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September 10, 2004 - DrugSense Weekly (US Web)

The State Of The African American Male In Chicago

By Bryan Brickner, PhD: Senior Editor for Newtopia

Return to Drug War News: Don't Miss Archive

"We are concerned with the continuing plight of African American men who are seeking work and cannot find it, who are sick and dying unnecessarily to soon, and who are disproportionately represented in the criminal justice system." - Representative Danny K. Davis, 7th Congressional District (IL)

Alright, no time like the present. That's what I kept being reminded of at the State of the African American Male (SAAM) Conference held at Malcolm X College (

In one of the long hallways in the lobby of the college they have Malcolm X's car. It is an old car. The age of the car jumps out at you because you begin to see what change means: Long term, it all ages. We learn that it is the present that matters, and that's what the conference, hosted and sponsored by Representatives Danny K. Davis, Jesse L. Jackson, and Bobby Rush, wanted everyone to be aware of.

I found myself impressed with the can-do-punk attitude coming from the podium: Do it yourself. You might find that phenomenon uncommon coming from a conference sponsored by Liberals. Here were the Liberals telling people not to look for the government to bail them out - they said start a business, become an entrepreneur.

These are good suggestions, goals and lessons. The issue is implementing them. Below are some of the statistics working against black males. No sympathy here is needed: I just wanted you to have an idea of where things stand today. Look at the statistics provided by Representative Davis and put a real life with the numbers.

* In 2001, the Illinois Department of Corrections released 15,488 prisoners to the city of Chicago, 90% were male and 85% were African American.

* Since the 1995 Reform Act, 35,600 or 62% of African American males have dropped out of a CPS high school and only 22,000 or 38% graduated.

* Nearly one out of two black males between the ages of 20-24 is neither in school or working.

If there were easy solutions, they would already be done.

Teach Lerone Bennett, Executive Editor, Ebony Magazine, is an impressive speaker. While he was giving his Keynote Address on Saturday at the conference, someone in the hall kept softly encouraging him to speak further - to speak with passion - and he did. The audience member kept saying the word "Teach". Bennett would get going on one of his intellectual rolls, one of those mind walks where the speaker keeps bringing you along.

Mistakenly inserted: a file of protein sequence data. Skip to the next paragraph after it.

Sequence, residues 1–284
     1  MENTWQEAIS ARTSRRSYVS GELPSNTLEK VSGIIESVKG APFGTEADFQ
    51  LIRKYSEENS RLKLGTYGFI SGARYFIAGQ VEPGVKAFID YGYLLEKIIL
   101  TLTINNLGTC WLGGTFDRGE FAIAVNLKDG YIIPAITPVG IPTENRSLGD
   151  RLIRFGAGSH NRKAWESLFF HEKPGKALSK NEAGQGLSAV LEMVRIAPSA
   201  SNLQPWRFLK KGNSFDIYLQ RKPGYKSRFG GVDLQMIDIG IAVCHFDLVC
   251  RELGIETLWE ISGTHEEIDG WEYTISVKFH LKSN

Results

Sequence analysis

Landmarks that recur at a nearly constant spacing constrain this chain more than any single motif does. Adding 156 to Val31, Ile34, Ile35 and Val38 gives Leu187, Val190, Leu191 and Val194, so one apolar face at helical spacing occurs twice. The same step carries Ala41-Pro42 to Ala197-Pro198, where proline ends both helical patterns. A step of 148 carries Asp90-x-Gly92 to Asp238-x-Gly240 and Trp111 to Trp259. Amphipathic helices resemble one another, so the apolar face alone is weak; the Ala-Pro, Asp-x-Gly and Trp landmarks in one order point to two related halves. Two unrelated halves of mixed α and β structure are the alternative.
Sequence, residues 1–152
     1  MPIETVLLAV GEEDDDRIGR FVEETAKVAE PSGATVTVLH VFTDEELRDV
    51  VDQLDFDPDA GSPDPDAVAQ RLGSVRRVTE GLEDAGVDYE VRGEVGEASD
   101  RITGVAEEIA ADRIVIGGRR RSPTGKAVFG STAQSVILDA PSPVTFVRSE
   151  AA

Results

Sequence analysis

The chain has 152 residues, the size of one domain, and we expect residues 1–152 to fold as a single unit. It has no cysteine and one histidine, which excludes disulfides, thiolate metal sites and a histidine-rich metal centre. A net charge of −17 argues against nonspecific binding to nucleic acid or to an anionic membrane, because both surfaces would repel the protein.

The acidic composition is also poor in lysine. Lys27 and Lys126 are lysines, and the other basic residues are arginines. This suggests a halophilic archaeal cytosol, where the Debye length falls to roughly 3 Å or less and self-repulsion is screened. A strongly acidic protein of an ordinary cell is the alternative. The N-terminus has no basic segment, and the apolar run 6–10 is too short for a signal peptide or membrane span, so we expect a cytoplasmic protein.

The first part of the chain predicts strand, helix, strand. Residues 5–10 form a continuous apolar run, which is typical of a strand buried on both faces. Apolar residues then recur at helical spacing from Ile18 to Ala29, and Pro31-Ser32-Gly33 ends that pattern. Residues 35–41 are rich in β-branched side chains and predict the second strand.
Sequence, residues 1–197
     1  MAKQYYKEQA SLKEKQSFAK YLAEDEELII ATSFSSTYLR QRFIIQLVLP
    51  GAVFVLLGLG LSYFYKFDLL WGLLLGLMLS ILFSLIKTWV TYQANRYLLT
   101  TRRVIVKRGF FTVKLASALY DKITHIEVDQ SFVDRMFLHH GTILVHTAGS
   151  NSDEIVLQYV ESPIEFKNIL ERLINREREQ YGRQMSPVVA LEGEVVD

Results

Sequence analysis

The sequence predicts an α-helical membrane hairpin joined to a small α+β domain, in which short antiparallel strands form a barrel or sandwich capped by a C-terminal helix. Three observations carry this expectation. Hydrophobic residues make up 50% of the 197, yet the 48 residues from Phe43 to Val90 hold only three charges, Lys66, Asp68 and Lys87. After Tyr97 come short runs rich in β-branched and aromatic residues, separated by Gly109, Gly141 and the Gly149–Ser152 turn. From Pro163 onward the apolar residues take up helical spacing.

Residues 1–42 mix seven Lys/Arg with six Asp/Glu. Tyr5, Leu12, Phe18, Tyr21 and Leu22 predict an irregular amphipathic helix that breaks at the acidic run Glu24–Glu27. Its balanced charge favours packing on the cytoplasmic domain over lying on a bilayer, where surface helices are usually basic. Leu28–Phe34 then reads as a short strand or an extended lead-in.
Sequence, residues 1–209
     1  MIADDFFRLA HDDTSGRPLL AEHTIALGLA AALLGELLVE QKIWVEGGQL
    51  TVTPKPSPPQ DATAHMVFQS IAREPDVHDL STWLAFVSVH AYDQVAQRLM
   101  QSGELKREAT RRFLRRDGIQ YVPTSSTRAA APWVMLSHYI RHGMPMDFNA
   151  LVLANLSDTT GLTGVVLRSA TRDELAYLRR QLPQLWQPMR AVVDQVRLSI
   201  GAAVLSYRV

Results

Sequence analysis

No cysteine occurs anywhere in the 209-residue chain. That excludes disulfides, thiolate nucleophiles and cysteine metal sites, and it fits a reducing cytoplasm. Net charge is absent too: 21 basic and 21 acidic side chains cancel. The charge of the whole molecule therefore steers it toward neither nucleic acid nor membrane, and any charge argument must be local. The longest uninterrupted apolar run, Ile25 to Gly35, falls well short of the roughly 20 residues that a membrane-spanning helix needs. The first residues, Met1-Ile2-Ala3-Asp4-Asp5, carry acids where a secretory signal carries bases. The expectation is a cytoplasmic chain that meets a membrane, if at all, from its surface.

Bennett would be saying something like "The trick of oppression is to make oppression the proof of oppression" - then from the audience member "Teach" - - with Bennett not missing a step - "I'm tired of apologizing for men, and it's good to see Hellraisers gathered once again!" - Teach - "There are three things we need to add to our calling, three things to keep in the forefront of our work together - Service, Struggle, and Excellence." Teach.

The day went on and on like that. Teach. We need more of that. I'm partial to the idea, being a teacher, but we are all teachers. Spend time with humans and you become a teacher: it is one of those things we do, right or wrong, no matter what we are up to.

Bennett ended his talk by listing some of the threats facing our communities - Jim Crowism, black economic depression, and a drug plague - and a plan for change. Bennett called for a "Crusade" against hard drugs: he said, "The number one problem was the flow of hard drugs."

Think again of Malcolm's car. We've been fighting hard drugs since before that car was made and before Malcolm had his effect on America. Why are we still fighting hard drugs the same way - making felons and incarcerating? It's like an old war where we keep sending the soldiers up the hill for one last charge.

What is wrong with us? The drug market should be controlled like any other. REGULATE. The government is abdicating this issue to the power of the street: this power, built on the same things all illicit markets are built on, money and violence, is destroying communities.

I know we don't care, but let's at least try something else. If the flow of drugs is destroying communities, and we can't turn the flow off, although we have spent billions trying, what is it we should do? Regulate the market, which removes the violence from the trade, and give treatment to those in need. Money saved, people helped, and communities served and protected: it is no utopia - it is suppose to be the basics.

Bennett closed with a call for investment, a government program, but one based on the tradition of the New Deal. Bennett said we should invest $40/50 billion in a development program along the lines of FDR's 1933 Civilian Conservation Corps. This is old-fashioned urban and economic development. I'll let the experts decide on the wisdom of this approach.

Two ideas that come to mind are the savings involved in regulating the flow of drugs rather than imprisoning drug users, and the cost of another government economic development program: the war in Iraq. We have spent $151 billion on the government program of invading and rebuilding Iraq: this is at a cost of $1,600 per American household, and the cost will go higher. If we can invest that much in the Iraq program, investing in the urban and economic development of our cities seems wiser, and far cheaper.

The present will do that, as we make choices all the time, and it makes you think of things - Like which communities and cities should we be investing in?

Kanye West, Chicago's hip-hop sensation, has this line on his recent album - - "We weren't suppose to make it past 25, jokes on you we still alive".

- - To the living.

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